Honda '95- 5th Gear ratio change

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  • #1025962

    Hi Eric, I hope things are well at your end; hopefully you are closer in finding a new shop.

    I am on a transmission “mission” – The tranny is out of a 1995 Honda Civic VX hatchback (high millage engine/car), specifically a “D” series (P20 / A000 ). I bought it new and put over 400,000 miles on it; never did a clutch replacement; all original. Just performed the regular maintenance i.e. timing belt every 100,000 miles, oil stuff like that.

    But the clutch fork (in Bell housing) broke, so I had to remove the transmission to get to it (thanks with your video help). While the tranny is out, it was highly recommended for me do a basic rebuild, such as new seals, bearings, Synchros.

    *** The “ MISSION ” (need help/question} – with forever high gas prices, now also I would like to change my 5th gear ratio – (go longer/higher). My current 5th gear is 0.702, I would like to change it to 0.600 or as close as possible to that. ***

    There are no other ‘official’ gears offered, other than 0.702. Others are said to have thought outside the box and went into other cars/trannys; obviously, it has to physically fit. Perhaps there are custom manufactures out there making these things.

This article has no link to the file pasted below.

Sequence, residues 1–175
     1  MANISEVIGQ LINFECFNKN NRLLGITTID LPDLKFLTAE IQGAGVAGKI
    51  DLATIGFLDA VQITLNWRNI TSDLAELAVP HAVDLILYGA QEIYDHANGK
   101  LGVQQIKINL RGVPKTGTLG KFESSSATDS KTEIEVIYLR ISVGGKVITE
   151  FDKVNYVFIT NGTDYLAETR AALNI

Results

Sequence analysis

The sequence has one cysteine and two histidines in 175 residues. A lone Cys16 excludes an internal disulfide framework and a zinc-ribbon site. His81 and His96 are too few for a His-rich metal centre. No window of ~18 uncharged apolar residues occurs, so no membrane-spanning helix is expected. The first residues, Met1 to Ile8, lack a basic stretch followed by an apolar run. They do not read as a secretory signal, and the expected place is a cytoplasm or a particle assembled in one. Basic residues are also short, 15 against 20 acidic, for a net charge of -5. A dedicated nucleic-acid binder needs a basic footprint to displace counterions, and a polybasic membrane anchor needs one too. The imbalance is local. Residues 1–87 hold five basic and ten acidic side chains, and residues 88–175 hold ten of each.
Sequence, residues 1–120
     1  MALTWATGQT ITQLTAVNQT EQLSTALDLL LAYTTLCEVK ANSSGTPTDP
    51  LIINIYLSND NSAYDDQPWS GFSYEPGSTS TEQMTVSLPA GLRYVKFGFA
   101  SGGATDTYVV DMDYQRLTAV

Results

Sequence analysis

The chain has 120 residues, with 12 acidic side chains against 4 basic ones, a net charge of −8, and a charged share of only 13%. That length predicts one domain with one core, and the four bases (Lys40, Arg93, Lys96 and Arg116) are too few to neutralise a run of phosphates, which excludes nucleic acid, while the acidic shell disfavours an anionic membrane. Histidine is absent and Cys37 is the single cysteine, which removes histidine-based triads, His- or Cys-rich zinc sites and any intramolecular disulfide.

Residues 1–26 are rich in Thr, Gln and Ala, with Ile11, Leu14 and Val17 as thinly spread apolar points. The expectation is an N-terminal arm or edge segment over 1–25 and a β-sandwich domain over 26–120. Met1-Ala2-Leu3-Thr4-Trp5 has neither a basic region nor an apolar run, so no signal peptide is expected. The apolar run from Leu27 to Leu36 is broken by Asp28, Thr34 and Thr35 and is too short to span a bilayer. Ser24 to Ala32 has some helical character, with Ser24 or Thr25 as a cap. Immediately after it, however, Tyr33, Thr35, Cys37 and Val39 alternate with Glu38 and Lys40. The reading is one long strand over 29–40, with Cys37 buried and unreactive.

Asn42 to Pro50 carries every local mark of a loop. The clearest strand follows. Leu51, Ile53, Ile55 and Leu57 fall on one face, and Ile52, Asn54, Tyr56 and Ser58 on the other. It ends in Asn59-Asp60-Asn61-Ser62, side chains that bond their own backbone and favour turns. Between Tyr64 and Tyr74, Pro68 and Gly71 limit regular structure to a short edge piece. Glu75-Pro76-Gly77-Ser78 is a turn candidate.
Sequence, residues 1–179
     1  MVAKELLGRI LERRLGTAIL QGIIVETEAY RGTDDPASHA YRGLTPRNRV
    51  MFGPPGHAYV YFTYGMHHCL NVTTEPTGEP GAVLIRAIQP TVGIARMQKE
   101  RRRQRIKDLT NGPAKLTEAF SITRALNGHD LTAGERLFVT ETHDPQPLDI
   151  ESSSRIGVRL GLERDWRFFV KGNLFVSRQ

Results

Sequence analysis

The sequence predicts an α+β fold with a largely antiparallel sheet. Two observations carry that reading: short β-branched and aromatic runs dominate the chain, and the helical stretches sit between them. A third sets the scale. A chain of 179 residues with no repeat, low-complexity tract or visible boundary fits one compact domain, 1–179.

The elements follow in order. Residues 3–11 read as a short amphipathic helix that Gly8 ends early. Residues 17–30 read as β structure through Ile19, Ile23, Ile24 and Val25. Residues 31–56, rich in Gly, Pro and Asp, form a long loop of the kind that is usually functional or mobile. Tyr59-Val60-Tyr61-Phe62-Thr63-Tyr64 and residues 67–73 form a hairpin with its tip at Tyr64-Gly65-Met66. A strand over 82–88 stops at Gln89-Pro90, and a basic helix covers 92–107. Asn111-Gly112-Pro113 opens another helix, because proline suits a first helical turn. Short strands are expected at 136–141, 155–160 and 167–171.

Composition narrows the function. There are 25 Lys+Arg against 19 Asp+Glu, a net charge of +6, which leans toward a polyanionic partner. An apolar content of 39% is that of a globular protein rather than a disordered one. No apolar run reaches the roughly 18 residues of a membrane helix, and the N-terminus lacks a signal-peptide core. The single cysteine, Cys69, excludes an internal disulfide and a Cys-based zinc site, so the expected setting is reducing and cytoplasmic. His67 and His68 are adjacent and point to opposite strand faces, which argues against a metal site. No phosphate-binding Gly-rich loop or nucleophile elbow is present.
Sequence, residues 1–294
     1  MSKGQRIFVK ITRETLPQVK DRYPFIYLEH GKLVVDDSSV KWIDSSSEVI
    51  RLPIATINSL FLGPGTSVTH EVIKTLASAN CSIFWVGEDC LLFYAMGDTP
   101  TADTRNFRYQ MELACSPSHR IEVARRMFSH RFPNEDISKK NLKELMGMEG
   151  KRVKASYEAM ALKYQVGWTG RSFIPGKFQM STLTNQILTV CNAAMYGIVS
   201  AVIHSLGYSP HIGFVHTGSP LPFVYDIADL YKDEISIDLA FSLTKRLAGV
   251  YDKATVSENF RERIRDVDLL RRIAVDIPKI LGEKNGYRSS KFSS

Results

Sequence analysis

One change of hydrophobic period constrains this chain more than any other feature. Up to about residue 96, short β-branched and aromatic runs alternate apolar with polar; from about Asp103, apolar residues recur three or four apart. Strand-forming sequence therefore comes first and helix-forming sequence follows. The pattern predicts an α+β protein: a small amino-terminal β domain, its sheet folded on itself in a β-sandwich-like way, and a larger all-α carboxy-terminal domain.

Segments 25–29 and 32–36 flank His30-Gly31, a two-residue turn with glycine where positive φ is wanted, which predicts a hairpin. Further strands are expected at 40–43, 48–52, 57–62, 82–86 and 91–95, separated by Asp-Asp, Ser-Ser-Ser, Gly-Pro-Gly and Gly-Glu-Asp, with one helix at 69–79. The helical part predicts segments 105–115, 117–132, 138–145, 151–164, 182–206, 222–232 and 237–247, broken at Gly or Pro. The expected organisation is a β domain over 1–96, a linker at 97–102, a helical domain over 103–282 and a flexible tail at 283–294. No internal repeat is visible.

To find 0.600 gear ratio for my ‘D’ series (P20 / A000 ) would greatly appreciated!

    In addition, through bolt-on components such as exhaust system, distributor, intake and maybe even a small turbo, can we achieve 20, 30 or 40 more horsepower without losing gas millage.
    Do we generally lose gas millage with a turbo??

    Thank, Chris

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  • #1025964
    Rahul Jones
    Rahul Jones

    I cannot comment on the ‘MISSION’ but can comment on the addition of turbos. Before you start the process of turbocharging, there are few things you need to check since your engine is old. Mechanical health (like cylinder compression, unusual noises), leaks, and other issues like smoke from exhaust or clogged pcv. Once you turbocharge your vehicle then the rest depends on the turbo capacity, and air and fuel mixture tuning that determines how much HP/torque, at what RPM, and fuel efficiency. You can gain fuel economy if you have low boost at low RPMs and high boost for high power demands at high RPM. You would also need a reliable tuner to get things right according to your personal needs.

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